Pollo Tropical Founder Buys Firehouse Four Lease For Spanish Restaurant Bar
By Paola Iuspa
six potential sites named for downtown miami convention center pollo tropical founder buys firehouse four lease for spanish restaurant, bar constructa seeks to build residential instead of hotel component at brickell village high-end hotels, hit by corporate cuts, to face more competition new wave of residential could complete neighborhood for brickell grocery-anchored shopping centers luring stock-weary investors miami’s recent movie-making role gets mixed reviews from civic leaders calendar of events fyi miami filming in miami front page about miami today put your message in miami today contact miami today job opportunities research our files the online archive order reprints pollo tropical founder buys firehouse four lease for spanish restaurant, barBy Paola Iuspa
Miami’s Firehouse Four restaurant will be closed at least six months while a new operator, the creator of Pollo Tropical, tries to resuscitate the historic site as a Spanish eatery.
Larry Harris, principal of New Spanish Concepts in Delaware, has purchased the rights to operate the Firehouse Four restaurant and bar in the 78-year-old former firehouse owned by the City of Miami with plans to change its name and well as the cuisine.
Former operators Tom Richardson and Augusto Vidaurreta, principals of Firehouse IV of Miami and authors of Business is a Contact Sport, transferred the lease to Mr. Harris after a four-year venture plagued by hardship. While open for lunch and dinner, the restaurant had gross sales of $1.7 million in 1999, $1.1 million in 2000 and $1.3 million in 2001, according to city records.
Nearby construction and the building’s lack of parking kept patrons away, said Elvia Bonilla, who oversees the lease for the city. She said the restaurant, which recently was open only for lunch, closed in mid-June and is expected to reopen by December.
At 1000 S Miami Ave., a block west of Brickell Avenue, the restaurant was once a hot spot for Friday happy hours and Saturday DJ music but in past months seemed to lose steam.
"Part of it had to do with 10th Street being closed for a year and a half because of construction work," Mr. Vidaurreta said. "Now 11th Street will be closed for a year and a half during construction of the Mary Brickell Village project."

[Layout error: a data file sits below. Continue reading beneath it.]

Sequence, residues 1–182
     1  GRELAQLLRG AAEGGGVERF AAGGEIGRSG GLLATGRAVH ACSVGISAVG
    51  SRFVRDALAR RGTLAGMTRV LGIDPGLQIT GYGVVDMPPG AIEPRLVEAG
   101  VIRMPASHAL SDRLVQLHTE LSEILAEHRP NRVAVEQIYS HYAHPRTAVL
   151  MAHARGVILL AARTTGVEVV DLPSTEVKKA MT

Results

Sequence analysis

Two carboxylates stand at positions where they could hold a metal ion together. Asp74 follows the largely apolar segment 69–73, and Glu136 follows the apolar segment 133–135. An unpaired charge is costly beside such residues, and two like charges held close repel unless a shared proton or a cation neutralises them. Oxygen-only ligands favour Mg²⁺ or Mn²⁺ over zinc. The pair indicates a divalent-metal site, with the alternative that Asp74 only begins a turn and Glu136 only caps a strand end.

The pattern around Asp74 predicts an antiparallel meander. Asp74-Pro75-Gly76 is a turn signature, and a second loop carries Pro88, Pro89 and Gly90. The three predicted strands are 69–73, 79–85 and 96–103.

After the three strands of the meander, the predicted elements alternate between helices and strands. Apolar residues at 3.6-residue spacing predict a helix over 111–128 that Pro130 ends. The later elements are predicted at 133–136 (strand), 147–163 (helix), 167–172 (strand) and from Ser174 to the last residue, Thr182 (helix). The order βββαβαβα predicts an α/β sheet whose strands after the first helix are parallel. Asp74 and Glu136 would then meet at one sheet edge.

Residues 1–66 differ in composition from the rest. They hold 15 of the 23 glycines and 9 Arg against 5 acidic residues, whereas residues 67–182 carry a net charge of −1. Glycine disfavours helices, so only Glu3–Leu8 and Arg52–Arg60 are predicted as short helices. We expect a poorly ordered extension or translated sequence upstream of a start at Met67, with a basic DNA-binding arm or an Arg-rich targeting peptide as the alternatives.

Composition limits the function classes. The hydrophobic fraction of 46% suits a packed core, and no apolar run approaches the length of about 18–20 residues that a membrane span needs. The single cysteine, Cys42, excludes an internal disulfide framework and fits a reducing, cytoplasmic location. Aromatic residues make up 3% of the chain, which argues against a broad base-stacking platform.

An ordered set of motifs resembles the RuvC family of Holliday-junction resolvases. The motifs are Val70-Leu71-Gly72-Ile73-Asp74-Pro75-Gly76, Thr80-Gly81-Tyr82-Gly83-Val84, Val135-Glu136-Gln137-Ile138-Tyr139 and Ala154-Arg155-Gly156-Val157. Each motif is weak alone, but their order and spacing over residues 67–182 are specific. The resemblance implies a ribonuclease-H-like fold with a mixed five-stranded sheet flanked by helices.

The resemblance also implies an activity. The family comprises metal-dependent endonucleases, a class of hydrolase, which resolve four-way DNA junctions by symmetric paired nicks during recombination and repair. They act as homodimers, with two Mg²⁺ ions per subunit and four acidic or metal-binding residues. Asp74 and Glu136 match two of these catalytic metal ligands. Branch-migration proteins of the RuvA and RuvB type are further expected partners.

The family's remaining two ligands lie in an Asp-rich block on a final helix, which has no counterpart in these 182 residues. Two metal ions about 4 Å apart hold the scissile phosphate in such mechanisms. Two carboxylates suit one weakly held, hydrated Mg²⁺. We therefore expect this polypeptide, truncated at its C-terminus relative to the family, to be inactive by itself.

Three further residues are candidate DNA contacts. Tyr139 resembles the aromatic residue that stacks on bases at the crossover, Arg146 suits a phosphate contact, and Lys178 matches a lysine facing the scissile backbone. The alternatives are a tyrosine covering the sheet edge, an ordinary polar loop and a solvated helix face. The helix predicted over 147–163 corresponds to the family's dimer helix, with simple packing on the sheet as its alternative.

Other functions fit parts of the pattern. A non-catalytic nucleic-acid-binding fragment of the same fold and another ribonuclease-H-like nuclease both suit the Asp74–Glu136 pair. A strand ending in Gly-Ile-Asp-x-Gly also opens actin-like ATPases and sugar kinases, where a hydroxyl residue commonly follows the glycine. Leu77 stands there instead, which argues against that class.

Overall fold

The constant noise and dust kept clients away, said Mr. Vidaurreta, a partner with Mr. Richardson in RAM Strategy in Miami. The partners consult with employers on how to make business relationships dynamic and profitable, according to their company’s website. The pair is also in the banking and hotel business, Mr. Vidaurreta said.
Mr. Harris won’t open his restaurant for at least six months, when most of the exterior construction of nearby projects might be done, Mr. Vidaurreta said.
Mr. Vidaurreta said Mr. Harris knows what he is doing because he has plenty of experience in the business.
"Mr. Harris opened and built Pollo Tropical," Mr. Vidaurreta said. "But this will be different. He wants to do an upscale Spanish-cuisine restaurant."
After paying $1.5 million, partly in cash and with the seller financing, Mr. Harris plans to add more European flavor to a street already offering Italian at Perricone’s Marketplace & Cafe, 15 SE 10th St., and French at Provence Grill, 1001 S Miami Ave.
"It is great," said Steven Perricone, who owns the restaurant bearing his name. "People want to have different choices, different type of cuisines. The more restaurants we have in this area, the more people will come."
Mr. Harris said plans to offer fine dining on the top floor and a casual setting on the ground floor with tapas and sandwiches. He will also include a coffee shop and outdoor seating.
While Mr. Harris also said he would rename the restaurant, he would not disclose the new moniker now.
The lease, to expire in 2012 with options for up to 10 years, is to generate about $83,000 in rent the first year for the city. That would increase to about $108,000 by 2012, the contract shows. The city is also to get 6.5% of any sales in excess of $2.4 million, according to the document.
But for the next six months, the city won’t see a dime from the property: Mr. Harris will only start paying rent when he opens for business. But Ms. Bonilla said the city would be able to offset that loss with $81,000 the city received in a transfer fee and other funds collected at the closing of the lease exchange.
Some say Firehouse’s future may look brighter as nearby residential properties now under construction actually fill with people.
"If it serves quality food," said Mr. Perricone, considered a pioneer restaurateur in the neighborhood, "it will do very well and become a great location in a historic building."
Built in 1923, the Mediterranean-style, two-story building was a fire station until 1980, when the city opened a new station a few blocks away.
The first Firehouse restaurant, one of the few dining spots in the area then, opened in 1987. While the eatery became almost immediately popular, it fell on hard times in 1990 when nearby Metromover construction decreased traffic and reduced available parking.